AMC recently agreed to pay $200 million to settle a lawsuit with former showrunner, Frank Darabont.
Popular television horror show, The Walking Dead, is getting ready to kick off its final season. At the same time, a long legal battle between former showrunner Frank Darabont and AMC is coming to a close. Earlier this week, AMC announced that it paid $200 million to Darabont. According to paperwork the studio filed with the SEC, AMC stated:
“The Settlement Agreement provides for a cash payment of $200 million (the ‘Settlement Payment’) to the plaintiffs and future revenue sharing related to certain future streaming exhibitions of The Walking Dead and Fear The Walking Dead…With regard to the Settlement Payment, the Company has taken a charge of approximately $143 million in the quarter ended June 30, 2021, in consideration for the extinguishment of Plaintiffs’ rights to any compensation in connection with The Walking Dead and any related programs and the dismissal of the actions with prejudice, which amount is net of approximately $57 million of ordinary course accrued participations…The Settlement Agreement also includes customary provisions included in such agreements, including providing for mutual releases, covenants not to sue, waivers, confidentiality, non-disparagement, and indemnification for third-party claims.”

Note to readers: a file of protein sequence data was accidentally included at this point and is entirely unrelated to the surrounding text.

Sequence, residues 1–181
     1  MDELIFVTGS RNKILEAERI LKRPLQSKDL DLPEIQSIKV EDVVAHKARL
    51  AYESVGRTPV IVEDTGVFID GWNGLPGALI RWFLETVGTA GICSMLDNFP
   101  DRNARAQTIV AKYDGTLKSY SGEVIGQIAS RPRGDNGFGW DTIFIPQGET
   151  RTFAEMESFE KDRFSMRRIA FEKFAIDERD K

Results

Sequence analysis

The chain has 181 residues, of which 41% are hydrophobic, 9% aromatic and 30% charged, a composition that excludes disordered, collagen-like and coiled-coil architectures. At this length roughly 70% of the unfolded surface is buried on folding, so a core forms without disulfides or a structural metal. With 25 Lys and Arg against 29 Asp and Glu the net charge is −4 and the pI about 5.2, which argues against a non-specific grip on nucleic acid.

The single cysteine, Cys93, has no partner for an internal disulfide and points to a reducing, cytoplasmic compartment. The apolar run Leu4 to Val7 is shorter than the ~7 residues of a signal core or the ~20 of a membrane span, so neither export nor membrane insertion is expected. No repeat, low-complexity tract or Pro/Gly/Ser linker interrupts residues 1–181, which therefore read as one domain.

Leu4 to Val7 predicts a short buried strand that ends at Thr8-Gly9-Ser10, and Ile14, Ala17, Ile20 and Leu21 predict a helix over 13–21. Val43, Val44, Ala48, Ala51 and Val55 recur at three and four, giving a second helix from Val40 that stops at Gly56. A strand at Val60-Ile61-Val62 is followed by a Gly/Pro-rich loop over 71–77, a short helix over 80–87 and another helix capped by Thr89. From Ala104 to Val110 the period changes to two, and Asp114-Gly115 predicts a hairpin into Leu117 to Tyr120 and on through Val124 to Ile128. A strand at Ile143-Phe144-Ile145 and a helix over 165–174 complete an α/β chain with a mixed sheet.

As part of the settlement, AMC will buy Darabont and his agency, CAA, out of “most of their rights to the intellectual property from the franchise.” But what happened? Why was the suit filed?
For those who don’t know, this particular legal battle has been going on for years. The lawsuit was filed back in 2013 and stemmed from claims Darabont made that AMC had “used shady accounting to short him on profits.” During the litigation process, the legal system appeared to be favoring Darabont and his agency, CAA. AMC got so nervous about the direction of the proceedings that it fired its lawyers who were originally working on the case and hired Gibson Dunn instead. Dunn and his team were “able to stave off a summary judgment loss and was prepared to make the trial all about how Darabont had been represented in the original contract negotiation by sophisticated lawyers and agents and was merely trying to use litigation to renegotiate a better deal.” As a result, an appeals court dismissed parts of Darabont’s case in April, though the “key issue of interpreting the contract was set to go to a jury in April 2022.”
However, the COVID-19 pandemic has thrown a wrench in things and slowed down the litigation process so it is not known whether that April 2022 court date would have been pushed back. Fortunately, the parties involved were able to reach an agreement before then.